Origin of the Moon
by W. K. Hartmann, R. J. Phillips, G. J. Taylor
Publisher: Lunar and Planetary Institute 1986
Number of pages: 781
Contents: History; Dynamical Constraints; Geochemical Constraints; Geophysical Constraints; Theories and Processes of Origin: Lunar Formation Involving Capture or Fission; Considerations Involving Large Bodies in the Environment of Primordial Earth, and Chances for Close Approaches or Impacts; Lunar Formation Triggered by Large Impact; Models Emphasizing Coaccretion or Evolution of a Circumterrestrial Swarm, of Whatever Origin.
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by George F. Chambers - S. S. McClure Co.
The book presents in a readable, yet soundly scientific, language a popular account of eclipses of the Sun and Moon, and very briefly of certain kindred astronomical phenomena similar to those which operate in connection with eclipses.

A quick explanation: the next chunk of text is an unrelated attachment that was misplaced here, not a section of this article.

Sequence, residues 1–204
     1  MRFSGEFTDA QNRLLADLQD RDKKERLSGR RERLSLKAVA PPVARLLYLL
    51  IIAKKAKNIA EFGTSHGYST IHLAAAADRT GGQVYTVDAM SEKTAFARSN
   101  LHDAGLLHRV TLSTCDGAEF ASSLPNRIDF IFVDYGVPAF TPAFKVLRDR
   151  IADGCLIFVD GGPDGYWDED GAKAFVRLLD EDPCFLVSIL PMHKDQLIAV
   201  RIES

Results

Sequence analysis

by F. Vilas, C. Chapman, M. Matthews - University of Arizona Press
The book on the planet's origin, its metal-rich composition, its thermal and geophysical evolution, and its cratering history. These topics are complex and controversial, and this book contains a variety of new perspectives on them.
by Matthew S. Tiscareno - arXiv
Understanding of disks in general can be enhanced by understanding the dynamical processes observed at close-range planetary rings. We review the known ring systems of the four giant planets, and the prospects for ring systems yet to be discovered.
by Elbert A. King - Lunar and Planetary Institute
The excitement of the Apollo program was that it accomplished a bold leap from the surface of the Earth to the Moon. The deed challenged our technology and engineering skill. Preparations are being made now for another and even more daring leap.